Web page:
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Framing Narratives & Inducing Compliance Using Moral Foundations Theory

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If Americans could comprehend the amount of research that goes into media messaging, and how to frame an issue to affect attitude change, they would forever shut off their televisions. For the political elite, America’s culture of free choice presents a problem, one they see as standing in the way of their grand vision of Utopia. They cannot force their agenda without some smooth-talking aimed at the moral base of dissenters if they expect them to change their political positions. Even Biden’s recent tyrannical dictates, which many people accept as legitimate, demonstrate an understanding of political and moral framing of the issues. Millions across the country will accept his unconstitutional actions because of the effective methods used in presenting Covid-19 as a life-threatening pandemic. Research has shown in numerous instances, that framing an issue within the moral confines of a targeted audience is often enough to shift opinions and gain compliance with an action they may otherwise reject.

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What is framing? According to the book Dynamics of Persuasion: Communications and Attitudes in the 21st Century, framing presents a relevant issue in a way that promotes the “problem definition, causal interpretation, moral evaluation and treatment recommendations” of a media message. Researchers have found that people are not necessarily the rational thinkers they are assumed to be. Framing issues from a particular viewpoint has shown that people are very susceptible to simple twists of words and reversing of logic. When facts are presented differently, it changes how people respond to them. A common example is how the survival rates of surgery may be framed. If a doctor explains a certain procedure has a ninety percent survival rate in one instance and a ten percent fatality rate in the other, people respond to the ten percent fatality rate more, even though the information is the same. Cass Sunstein, Obama’s former regulatory czar, writes in his book Nudge that framing works because people are “mindless, passive decision-makers.” He says people are not capable of thinking about how issues are framed, or if their opinions would change if they were presented differently.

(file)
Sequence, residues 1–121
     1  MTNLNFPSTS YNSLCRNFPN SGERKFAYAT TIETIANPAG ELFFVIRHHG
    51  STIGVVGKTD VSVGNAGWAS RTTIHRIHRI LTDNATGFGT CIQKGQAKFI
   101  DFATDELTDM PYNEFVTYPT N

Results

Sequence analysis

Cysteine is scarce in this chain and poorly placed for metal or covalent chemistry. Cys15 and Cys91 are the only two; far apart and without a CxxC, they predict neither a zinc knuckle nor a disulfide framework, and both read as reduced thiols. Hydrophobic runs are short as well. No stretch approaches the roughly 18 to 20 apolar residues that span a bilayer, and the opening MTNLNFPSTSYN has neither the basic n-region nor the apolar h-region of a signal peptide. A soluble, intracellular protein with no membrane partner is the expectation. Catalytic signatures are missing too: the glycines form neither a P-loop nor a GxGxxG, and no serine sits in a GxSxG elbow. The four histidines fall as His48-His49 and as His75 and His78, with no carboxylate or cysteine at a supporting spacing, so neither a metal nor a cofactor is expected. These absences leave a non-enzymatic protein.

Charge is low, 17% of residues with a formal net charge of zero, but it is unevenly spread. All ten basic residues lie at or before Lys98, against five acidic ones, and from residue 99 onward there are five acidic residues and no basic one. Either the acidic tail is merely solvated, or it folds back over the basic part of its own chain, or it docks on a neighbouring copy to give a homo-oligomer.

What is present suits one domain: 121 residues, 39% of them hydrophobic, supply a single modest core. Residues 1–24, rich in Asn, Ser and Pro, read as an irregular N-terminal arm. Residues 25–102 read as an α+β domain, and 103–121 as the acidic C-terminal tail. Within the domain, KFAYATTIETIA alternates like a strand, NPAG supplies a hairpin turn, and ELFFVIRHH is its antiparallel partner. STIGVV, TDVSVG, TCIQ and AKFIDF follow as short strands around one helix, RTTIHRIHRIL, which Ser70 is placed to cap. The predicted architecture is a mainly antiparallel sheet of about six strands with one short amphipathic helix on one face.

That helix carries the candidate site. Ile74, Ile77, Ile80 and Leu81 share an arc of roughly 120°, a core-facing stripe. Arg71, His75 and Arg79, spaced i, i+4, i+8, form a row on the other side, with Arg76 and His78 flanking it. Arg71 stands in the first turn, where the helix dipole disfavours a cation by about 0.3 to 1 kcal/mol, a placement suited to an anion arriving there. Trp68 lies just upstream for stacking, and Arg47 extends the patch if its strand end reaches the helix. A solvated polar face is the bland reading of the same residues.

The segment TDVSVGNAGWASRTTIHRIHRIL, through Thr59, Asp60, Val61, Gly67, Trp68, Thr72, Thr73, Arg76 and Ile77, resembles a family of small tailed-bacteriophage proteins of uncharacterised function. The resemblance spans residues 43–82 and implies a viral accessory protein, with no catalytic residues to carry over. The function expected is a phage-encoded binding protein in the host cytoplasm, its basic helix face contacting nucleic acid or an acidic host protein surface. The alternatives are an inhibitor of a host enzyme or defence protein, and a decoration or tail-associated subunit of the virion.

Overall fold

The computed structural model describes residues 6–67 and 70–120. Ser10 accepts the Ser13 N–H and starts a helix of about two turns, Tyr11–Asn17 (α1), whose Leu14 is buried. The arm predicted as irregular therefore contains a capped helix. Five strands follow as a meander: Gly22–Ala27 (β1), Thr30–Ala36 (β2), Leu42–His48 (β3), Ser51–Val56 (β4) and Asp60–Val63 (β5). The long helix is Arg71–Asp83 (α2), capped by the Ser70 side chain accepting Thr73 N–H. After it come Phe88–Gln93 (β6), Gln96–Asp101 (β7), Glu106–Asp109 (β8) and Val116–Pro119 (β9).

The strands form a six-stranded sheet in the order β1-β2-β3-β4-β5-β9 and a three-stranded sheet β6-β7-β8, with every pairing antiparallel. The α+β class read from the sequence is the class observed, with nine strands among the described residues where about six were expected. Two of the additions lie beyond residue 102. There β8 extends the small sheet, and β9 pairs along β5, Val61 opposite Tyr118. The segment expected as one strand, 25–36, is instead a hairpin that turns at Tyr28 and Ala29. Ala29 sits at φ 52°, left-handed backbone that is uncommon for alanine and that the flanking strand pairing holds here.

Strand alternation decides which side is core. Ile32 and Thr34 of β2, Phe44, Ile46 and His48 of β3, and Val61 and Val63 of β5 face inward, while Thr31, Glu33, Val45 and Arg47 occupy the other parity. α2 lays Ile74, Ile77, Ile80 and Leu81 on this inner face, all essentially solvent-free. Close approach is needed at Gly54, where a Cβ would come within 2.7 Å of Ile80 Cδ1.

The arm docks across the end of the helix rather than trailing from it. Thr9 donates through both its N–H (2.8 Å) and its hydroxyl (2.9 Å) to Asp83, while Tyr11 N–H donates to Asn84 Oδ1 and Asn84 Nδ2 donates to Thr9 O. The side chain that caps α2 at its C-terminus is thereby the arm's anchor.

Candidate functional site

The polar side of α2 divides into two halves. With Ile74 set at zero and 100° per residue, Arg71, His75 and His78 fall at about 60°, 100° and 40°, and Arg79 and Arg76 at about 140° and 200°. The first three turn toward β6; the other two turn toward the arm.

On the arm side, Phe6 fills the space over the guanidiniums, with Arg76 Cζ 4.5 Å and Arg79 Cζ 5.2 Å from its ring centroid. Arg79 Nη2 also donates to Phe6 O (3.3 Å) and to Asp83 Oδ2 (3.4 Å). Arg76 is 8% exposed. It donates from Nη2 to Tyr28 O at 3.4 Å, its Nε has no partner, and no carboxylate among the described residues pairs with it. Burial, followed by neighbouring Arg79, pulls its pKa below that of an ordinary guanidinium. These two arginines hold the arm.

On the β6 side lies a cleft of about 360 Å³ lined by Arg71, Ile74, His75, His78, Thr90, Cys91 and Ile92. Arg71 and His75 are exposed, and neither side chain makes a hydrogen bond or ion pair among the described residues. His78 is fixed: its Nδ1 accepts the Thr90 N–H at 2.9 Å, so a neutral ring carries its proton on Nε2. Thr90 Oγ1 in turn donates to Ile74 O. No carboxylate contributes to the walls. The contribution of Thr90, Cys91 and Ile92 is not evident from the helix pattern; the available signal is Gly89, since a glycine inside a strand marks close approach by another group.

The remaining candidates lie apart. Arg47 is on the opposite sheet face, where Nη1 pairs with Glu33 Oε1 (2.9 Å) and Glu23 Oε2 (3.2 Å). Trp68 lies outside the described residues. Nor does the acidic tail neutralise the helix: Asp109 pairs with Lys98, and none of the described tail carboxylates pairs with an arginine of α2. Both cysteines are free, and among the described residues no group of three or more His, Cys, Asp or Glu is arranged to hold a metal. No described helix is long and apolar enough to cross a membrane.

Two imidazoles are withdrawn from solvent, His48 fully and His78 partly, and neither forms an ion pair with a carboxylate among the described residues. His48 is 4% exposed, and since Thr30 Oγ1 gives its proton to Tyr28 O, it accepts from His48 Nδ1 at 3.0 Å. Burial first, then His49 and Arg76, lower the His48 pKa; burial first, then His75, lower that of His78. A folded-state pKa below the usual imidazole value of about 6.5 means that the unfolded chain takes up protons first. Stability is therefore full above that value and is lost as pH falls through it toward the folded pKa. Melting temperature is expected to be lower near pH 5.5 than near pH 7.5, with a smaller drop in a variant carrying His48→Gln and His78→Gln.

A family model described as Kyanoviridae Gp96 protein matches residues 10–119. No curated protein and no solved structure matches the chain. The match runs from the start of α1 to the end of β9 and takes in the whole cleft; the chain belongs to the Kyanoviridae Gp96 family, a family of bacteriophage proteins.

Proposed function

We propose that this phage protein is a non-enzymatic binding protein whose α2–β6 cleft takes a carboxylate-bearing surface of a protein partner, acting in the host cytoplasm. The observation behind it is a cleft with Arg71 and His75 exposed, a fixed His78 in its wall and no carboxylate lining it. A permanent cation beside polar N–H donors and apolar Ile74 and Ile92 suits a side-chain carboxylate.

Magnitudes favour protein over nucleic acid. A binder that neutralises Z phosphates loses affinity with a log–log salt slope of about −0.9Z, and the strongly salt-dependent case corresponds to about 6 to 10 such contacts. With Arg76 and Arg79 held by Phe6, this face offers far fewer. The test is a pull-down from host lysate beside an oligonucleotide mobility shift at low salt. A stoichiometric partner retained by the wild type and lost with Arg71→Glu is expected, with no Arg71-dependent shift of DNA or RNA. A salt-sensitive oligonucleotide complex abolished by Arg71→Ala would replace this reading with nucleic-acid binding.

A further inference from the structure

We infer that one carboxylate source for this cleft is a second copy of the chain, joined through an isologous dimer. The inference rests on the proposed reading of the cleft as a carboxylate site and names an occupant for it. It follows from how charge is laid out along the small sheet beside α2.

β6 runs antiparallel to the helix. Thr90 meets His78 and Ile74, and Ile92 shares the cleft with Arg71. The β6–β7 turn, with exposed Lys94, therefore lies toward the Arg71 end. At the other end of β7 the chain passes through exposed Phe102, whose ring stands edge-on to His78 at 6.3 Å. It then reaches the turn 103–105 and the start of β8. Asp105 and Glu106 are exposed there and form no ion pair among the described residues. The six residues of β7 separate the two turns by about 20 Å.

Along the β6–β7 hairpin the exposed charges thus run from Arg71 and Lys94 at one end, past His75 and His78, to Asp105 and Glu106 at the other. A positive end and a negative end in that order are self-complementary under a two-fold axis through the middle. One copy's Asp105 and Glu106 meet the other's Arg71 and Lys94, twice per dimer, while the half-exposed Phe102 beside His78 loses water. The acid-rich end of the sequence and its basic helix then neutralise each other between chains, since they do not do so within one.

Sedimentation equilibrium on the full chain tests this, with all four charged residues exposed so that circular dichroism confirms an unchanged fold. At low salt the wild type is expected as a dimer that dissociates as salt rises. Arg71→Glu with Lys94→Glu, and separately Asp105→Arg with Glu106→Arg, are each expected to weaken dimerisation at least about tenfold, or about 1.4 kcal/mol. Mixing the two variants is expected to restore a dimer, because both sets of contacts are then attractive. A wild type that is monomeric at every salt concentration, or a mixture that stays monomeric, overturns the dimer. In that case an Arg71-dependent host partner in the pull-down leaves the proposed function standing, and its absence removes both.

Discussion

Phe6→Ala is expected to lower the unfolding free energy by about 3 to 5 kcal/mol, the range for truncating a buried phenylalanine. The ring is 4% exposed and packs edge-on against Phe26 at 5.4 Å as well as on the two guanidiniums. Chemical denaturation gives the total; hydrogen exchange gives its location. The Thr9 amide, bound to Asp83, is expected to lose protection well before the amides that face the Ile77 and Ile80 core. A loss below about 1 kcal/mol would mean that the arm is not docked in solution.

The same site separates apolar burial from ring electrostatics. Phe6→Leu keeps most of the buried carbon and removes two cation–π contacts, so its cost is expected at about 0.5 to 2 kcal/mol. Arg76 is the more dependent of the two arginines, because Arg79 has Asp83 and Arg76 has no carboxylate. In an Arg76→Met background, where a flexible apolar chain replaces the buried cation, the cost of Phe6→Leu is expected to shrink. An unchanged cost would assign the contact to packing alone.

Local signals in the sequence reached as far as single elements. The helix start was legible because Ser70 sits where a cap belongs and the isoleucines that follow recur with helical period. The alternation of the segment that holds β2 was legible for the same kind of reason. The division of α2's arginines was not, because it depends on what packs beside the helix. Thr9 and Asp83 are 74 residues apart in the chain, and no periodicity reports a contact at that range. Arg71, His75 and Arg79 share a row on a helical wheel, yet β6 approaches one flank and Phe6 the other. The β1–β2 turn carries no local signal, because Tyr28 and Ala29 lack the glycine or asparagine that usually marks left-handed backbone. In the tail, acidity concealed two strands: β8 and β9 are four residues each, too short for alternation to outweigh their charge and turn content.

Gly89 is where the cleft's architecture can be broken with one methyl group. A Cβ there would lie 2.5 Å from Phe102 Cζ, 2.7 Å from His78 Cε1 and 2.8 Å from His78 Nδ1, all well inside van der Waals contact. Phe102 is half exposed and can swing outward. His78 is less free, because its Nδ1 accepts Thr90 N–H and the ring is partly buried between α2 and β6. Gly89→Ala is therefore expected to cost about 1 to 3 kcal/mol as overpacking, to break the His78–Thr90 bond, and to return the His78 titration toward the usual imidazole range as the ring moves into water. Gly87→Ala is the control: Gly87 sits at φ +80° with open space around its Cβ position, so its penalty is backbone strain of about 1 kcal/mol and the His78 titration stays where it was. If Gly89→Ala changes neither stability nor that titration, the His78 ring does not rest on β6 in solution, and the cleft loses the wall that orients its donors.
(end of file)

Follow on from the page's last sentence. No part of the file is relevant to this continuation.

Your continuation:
This is important to understand because there is a massive academic effort underway which seeks to determine the best ways to shift political attitudes. Throughout the Covid-19 pandemic, the media framed the issue from the perspective that morality would dictate conformity with the measures taken to stop the spread. The media persuaded people into compliance through careful manipulation of the narrative based on what they know about the moral perspectives of the targeted population. Persuasion in politics, according to the book, Political Persuasion and Attitude Change, is about the number of people that can be talked into changing their position to the other side, or nudged into complying with political objectives. Understanding the moral base of those seen in need of an attitude shift is essential to get naysayers to comply with government goals that go against their moral reasoning and political orientations.

The art of persuasion has been used extensively in pushing people to accept the absurd during the Covid-19 psyop. The technique of fear-then-relief suggests people ̶ after being exposed to a fear-causing stimulus ̶ become mindlessly compliant once that stimulus has been removed and they become overwhelmed with the sensation of being relieved. This deceptive method of persuasion was applied by keeping the population in a sustained state of panic and offering the vaccine as the only viable way of returning to normal. This worked on a large portion of the population; however, the insatiable thirst of the tyrants won’t be satisfied until there is a needle in every arm.